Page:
Communicating substantiality

(Tinkering with a thesis by Michael Bolin, contested by Fr. Waldstein)

I) What comes to be exists in another.

Proof: No substance comes to be, but either is or is not. But all non-substances exist in another.

Objection: But an accidental form either is or is not too – something either works as a house or it doesn’t.

Response: A house is a number of substances with the right position and relation, and one can be closer or further to some number. But a substance is not a number of substances with the right position and relation, therefore etc.

All accidental forms arise from taking a part or whole of a substance and moving it to another place, bringing it into the proximity of other substances, etc. Accidental forms thus have a clear relation to a process. But it’s just because they are this checklist of substance + right position + right relation to other substance that the accidental form can be realized in stages whereas the substantial form can’t be.

II) But we need some sort of account of substances coming to be. We see it happen.

III) An S-form necessarily comes to be whenever the appropriate A -form comes to be.

But how does the S-form necessarily come to be from the A-forms? It can’t come to be by just being them, since this would make it accidental; nor because it is actualized by them, since this would make it in potency to them, when in fact it is their act.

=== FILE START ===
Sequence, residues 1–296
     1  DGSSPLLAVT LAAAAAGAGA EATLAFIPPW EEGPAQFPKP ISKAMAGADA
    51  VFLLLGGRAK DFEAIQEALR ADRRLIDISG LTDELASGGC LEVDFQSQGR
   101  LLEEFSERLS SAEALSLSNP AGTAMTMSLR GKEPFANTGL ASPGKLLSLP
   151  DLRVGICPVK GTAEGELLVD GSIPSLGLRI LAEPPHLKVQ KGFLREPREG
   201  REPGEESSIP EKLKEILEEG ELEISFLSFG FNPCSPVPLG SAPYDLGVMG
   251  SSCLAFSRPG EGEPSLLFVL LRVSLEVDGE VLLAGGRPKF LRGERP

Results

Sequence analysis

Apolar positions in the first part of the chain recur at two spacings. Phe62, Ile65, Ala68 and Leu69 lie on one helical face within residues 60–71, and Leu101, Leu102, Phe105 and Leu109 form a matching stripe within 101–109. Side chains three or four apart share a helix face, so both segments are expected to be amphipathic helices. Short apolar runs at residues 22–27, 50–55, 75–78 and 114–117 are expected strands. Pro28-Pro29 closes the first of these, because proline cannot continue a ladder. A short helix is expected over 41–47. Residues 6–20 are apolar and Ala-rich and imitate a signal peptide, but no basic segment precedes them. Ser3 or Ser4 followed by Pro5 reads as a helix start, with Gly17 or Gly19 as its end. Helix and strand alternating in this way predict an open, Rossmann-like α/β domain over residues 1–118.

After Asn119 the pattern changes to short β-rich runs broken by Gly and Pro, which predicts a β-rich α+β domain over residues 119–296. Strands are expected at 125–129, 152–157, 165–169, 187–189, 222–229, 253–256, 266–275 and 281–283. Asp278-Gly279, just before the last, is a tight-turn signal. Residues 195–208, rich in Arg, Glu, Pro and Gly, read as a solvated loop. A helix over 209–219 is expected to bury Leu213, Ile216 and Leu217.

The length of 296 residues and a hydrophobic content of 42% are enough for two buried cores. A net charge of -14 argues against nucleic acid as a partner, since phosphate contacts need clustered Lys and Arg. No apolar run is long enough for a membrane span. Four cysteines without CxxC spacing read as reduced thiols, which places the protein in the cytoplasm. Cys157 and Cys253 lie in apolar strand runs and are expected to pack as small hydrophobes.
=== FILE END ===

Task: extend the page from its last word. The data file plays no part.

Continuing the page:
Thus A-forms have an order to S-form, but they cannot actualize this form. S-Forms must be actualized by another. The accidental form has an order to an end that it cannot actualize by itself.

Perhaps substantial form is most comparable to hearing a broadcast. Put the right accidental forms in place (wires, tuning knobs, antenna, electro-guts), and you’ll necessarily hear the broadcast, but not because the broadcast is identical to that form or because the form you make causes the broadcast to occur. You use the language of “taking part in” or “participating” to indicate what your accidental form does with respect to the broadcast. Obviously, as soon as you start thinking about how radios actualize broadcasts, the metaphor goes lame and ceases to apply.

IV) But natural things are essentially mobile, in development, evolving, temporal, changing.

All nature can account for is the accidental form that is open to participating in what might be called the broadcast of substantiality. There is a realm outside of nature which is essentially the communication of existence, without which nothing in nature can exist of itself.

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